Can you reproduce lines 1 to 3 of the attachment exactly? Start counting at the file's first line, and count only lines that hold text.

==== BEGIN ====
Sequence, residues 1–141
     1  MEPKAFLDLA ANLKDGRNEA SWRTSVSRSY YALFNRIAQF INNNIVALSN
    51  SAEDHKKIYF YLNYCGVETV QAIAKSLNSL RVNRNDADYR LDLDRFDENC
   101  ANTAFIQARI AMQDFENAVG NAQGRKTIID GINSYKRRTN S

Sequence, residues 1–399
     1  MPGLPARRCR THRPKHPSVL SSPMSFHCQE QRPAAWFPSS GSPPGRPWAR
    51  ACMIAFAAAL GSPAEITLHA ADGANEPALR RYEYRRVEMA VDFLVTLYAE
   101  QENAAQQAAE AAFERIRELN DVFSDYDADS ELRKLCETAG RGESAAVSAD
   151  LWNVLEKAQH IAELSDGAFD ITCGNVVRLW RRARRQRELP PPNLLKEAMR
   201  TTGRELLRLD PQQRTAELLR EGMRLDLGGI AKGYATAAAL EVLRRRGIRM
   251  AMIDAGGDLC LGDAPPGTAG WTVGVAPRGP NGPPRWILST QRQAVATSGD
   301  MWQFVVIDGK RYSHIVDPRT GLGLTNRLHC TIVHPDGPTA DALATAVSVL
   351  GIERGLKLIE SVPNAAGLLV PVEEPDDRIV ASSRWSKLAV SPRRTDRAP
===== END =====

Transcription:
Sequence, residues 1–141
     1  MEPKAFLDLA ANLKDGRNEA SWRTSVSRSY YALFNRIAQF INNNIVALSN
    51  SAEDHKKIYF YLNYCGVETV QAIAKSLNSL RVNRNDADYR LDLDRFDENC